Leo adds strings to his bow with Facebook family concerts
"The real joy of music is making it with other people"
St John’s violinist Leo Appel and his musical family are performing weekly Facebook concerts to lift spirits and raise charity funds during the UK coronavirus lockdown.
The second year music student is live-streaming the performances at 3pm every Wednesday from his family home in Oxford in the series called 'An Afternoon with the Appels' on his Facebook page.
Viewers can donate to a different charity chosen by the family every week and the concerts have already raised around £300 for good causes.
The Appel family has musical roots. Leo has been playing the violin and piano since he was four, sitting on his father’s knee while he practised the cello. The whole family was encouraged to learn instruments by Leo’s paternal grandmother who plays piano.
The Appels have performed together publicly before, most recently live on BBC Radio Oxford.
Now with families nationwide staying home to help curb the spread of the coronavirus, the Appels have taken to social media to spread joyful notes in the world. With Leo on violin, dad Lynton on cello/piano, mum Jane on piano and sisters Tabitha on violin/viola and Rachel on cello/double bass, they play a mix of chamber and solo music alongside a variety of genres in their weekly shows.
“My dad came up with the idea,” explained Leo. "He said, ‘go and do something to cheer everyone up’, and actually it’s been really good for all of us as well. It’s not quite performance in the conventional sense, but any experience is beneficial for us and we get to learn lots of new music too.”
Every week Leo arranges a popular song for he and his sisters to perform. Today (15/04/2020) they will be performing the Toy Story film classic, You’ve Got a Friend in Me, alongside a programme of Mozart, Dvořák and Mendelssohn.
The family’s concert on Wednesday 22 April will be particularly special because it will commemorate the Jewish Holocaust Memorial Day – Yom HaShoah in Hebrew – to remember the six million Jews murdered by Nazi Germany during the Second World War. The day of remembrance, which is separate from the annual UK Holocaust Memorial Day on 27 January, begins in the evening of Monday 20 April and ends at nightfall on Tuesday 21 April.
As in previous years, the Appels should have been performing at the memorial day service at their synagogue; however, due to the restrictions in place during the Covid-19 pandemic, they are holding a concert of their own at home.
Leo explained: “It will be a more sombre occasion than the other performances but the music is still very beautiful. Both of my grandfathers fled as Jews from their home countries when they were young, one from Baghdad, Iraq, and the other from Bonn, Germany. The one from Bonn left Germany without his parents on the Kindertransport when he was 13, just before war broke out. He never saw his father again.
“A lot of his family perished in the Holocaust and he vowed never to go back to Germany. He has, however, gone back to his home town since to show the younger generation of the family where he grew up. This is part of the reason why I feel so connected with my Jewish roots and consider it so important to keep the traditions alive.”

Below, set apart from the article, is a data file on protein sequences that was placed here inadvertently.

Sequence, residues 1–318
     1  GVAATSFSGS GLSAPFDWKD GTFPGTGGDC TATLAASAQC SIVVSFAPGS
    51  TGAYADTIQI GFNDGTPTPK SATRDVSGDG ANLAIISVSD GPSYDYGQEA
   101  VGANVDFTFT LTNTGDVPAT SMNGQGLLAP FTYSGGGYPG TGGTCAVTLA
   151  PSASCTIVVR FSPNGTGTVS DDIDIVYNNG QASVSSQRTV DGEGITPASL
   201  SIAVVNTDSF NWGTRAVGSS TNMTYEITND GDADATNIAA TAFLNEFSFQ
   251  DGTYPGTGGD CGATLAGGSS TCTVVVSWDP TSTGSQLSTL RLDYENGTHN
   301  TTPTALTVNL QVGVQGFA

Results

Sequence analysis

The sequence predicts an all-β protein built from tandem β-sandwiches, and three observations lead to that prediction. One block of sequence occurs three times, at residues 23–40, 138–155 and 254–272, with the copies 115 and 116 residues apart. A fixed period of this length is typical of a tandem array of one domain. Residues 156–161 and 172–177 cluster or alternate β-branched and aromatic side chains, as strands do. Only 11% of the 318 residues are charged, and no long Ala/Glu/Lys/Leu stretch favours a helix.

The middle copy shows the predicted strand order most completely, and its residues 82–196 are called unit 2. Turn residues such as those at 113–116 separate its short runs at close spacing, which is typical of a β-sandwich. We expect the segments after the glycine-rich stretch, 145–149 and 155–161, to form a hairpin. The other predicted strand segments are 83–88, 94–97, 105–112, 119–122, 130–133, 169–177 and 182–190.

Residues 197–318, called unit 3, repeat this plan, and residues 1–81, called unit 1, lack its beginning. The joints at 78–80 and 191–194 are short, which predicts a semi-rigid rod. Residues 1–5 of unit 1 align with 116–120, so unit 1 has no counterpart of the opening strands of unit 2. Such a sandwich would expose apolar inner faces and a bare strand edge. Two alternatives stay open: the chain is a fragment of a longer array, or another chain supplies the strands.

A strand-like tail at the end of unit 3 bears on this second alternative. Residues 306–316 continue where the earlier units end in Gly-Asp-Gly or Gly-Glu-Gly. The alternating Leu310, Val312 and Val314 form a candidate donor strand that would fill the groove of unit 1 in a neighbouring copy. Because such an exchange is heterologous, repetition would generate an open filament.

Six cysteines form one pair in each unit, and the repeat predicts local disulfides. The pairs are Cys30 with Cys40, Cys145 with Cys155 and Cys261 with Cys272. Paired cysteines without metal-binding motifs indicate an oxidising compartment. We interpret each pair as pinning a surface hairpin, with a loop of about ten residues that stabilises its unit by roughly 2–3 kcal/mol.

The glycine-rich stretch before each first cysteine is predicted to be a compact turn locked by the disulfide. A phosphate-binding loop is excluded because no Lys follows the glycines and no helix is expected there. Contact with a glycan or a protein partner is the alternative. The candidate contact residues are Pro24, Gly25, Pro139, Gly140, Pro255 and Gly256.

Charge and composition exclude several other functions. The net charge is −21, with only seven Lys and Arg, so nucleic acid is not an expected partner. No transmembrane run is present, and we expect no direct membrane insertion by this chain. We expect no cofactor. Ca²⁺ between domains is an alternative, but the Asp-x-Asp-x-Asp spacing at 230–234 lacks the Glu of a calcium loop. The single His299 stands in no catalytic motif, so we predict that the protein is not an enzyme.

The concert will feature music by Jewish composers, including some who perished in the Holocaust, and other music with Jewish connections. Leo has arranged a version of Somewhere Over the Rainbow from the 1939 film, the Wizard of Oz. The song was written by two musician sons of Jewish immigrants fleeing from the Russian pogroms at the start of the 20th century. “It is particularly relevant now because of the association of rainbows with the NHS during the coronavirus crisis, so I thought it would be nice to show our support too,” said Leo.
Also on the programme is Hebrew Melody by Joseph Achron, a Russian-Jewish composer who fled to the USA and wrote this piece in memory of his father; Kol Nidre by Bruch – Kol Nidre is the prayer that marks the beginning of the Jewish festival, Yom Kippur, the holiest day of the year on which you atone for all your sins; and Kaddish by Ravel. Kaddish is a central Jewish prayer said at a time of mourning.
Leo’s music studies at St John’s have provided a strong foundation for his current project. Before applying to the College, he had been planning to study his second love, physics. But a chat to a music undergraduate convinced him to follow his heart.
“I realised I’d have been most unhappy if I didn’t have all my time to commit to music. I chose Johns because it’s had a long-standing performing tradition and this really stood out. I want to perform, I want to be a practical musician, so having a Director of Studies in Professor John Rink who is a performer himself and who understands me in that respect is very beneficial.”
This term may have taken an unexpected turn, but Leo is looking at the positives.
“We feel very lucky to be able to perform together as a family,” he said. “A lot of musicians are on their own during this lockdown but we have each other, and we can play together, it’s really fantastic.
“Playing solo is wonderful as well but the real joy of music is making it with other people.”
Today’s concert charity is Asylum Welcome, an Oxford-based charity that seeks to provide a humanitarian response to the challenges faced by asylum seekers, refugees and detainees across Oxfordshire.
All the Appel concerts can be viewed on Leo’s professional Facebook page to watch after the events themselves.